Companies cannot insure against product liability claims by recalling defective products -- to the contrary, recalls can stimulate additional lawsuits and bring adverse publicity that stigmatizes not only the recalled product but also the company's entire business and product line. With the cost and delay of defending lawsuits exceptionally high, most companies faced with the uncertainty of litigation and the opportunity to negotiate the terms of a voluntary recall opt for the latter approach.
Further, the threat of product liability lawsuits prompts many producers to avoid formal agency findings of "substantial product hazard" that may be admissible as evidence against the companies in such suits. Quite simply, to avoid litigation, consumer product manufacturers often agree to recalls even though they do not believe their products create substantial hazards for the end users.
In most litigation involving injury from a defective product, an attempt to allocate fault represents the judicious weighing of factors that allows the trier of fact -- usually a jury -- to assess blame for the real cause of an injury and impose liability for damages. The availability of defenses relating to the consumer's conduct varies widely among states. In most jurisdictions, continued use of the product after becoming fully aware of the defect traditionally qualifies as voluntary assumption of risk or as comparative negligence. Originally, the former constituted a complete bar to recovery while the latter resulted in a reduction of the award commensurate with the degree of fault on the part of the plaintiff. The prevailing trend is to collapse the two categories into one of comparative negligence and to reduce, or possibly even deny, recovery according to the magnitude of the defendant's fault.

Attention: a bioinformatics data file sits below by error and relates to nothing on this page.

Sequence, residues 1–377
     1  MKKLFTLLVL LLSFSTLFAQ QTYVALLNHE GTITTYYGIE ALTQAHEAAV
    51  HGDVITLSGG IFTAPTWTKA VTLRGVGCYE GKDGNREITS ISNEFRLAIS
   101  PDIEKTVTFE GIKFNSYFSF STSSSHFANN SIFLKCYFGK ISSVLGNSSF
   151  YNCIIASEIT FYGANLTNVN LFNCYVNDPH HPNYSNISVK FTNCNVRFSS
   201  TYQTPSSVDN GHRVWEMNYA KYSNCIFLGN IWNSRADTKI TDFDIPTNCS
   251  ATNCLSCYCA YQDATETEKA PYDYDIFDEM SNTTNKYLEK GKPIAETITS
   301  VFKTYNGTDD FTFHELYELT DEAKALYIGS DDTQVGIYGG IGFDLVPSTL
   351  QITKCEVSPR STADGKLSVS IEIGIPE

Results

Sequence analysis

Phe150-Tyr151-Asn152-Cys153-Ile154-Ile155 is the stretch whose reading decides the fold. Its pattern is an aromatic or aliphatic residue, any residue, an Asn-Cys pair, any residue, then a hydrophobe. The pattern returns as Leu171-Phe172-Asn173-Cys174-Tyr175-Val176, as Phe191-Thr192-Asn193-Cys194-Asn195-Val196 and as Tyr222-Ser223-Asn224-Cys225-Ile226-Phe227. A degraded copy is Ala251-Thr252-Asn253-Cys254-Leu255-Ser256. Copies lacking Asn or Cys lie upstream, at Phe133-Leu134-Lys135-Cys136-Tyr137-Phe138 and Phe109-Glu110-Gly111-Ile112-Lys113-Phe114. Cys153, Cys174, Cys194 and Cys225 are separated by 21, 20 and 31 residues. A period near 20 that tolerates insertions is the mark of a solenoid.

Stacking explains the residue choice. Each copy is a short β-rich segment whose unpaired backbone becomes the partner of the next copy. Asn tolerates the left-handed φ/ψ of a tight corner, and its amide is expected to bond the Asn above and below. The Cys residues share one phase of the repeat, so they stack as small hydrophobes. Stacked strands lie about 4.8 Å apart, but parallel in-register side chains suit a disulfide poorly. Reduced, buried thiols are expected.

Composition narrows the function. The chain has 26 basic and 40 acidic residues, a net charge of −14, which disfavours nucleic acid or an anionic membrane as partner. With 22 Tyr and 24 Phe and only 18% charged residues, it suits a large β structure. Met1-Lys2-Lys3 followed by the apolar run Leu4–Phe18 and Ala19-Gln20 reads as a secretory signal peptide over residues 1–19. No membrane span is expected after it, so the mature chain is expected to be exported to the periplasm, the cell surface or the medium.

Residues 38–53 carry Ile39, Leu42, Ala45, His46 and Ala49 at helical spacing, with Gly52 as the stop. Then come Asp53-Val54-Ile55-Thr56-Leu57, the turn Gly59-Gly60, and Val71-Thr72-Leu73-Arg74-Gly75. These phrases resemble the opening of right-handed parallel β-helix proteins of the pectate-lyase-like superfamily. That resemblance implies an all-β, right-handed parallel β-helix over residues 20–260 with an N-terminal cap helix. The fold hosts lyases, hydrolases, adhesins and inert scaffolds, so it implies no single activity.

Evidence of product recalls is often an issue in cases where punitive damages are sought. Manufacturers frequently assert that because they have initiated recall campaigns, any award of punitive damages would be inappropriate. This is a valid argument, but a manufacturer that declares a product recall in order to avoid punitive damages must make sure that its recall efforts are effective, or at least are reasonably calculated to be effective.
Yet, even in the current information age, the end-use consumer bears no responsibility for familiarizing himself with the lists of dangerous products or heeding the advice of the manufacturer. Worse yet, in some instances, such as those involving many medical devices, the manufacturer is required to track the device, but because of physician-patient confidentiality concerns, only the doctors are notified of a recall or safety alert by the manufacturer, thereby transferring responsibility of notification to the physician without necessarily transferring liability in the event of failure to notify.
What we have learned from all of this is that, at least in product liability situations, ignorance may not be bliss but it can be profitable, particularly for the lawyers.May 1, 2003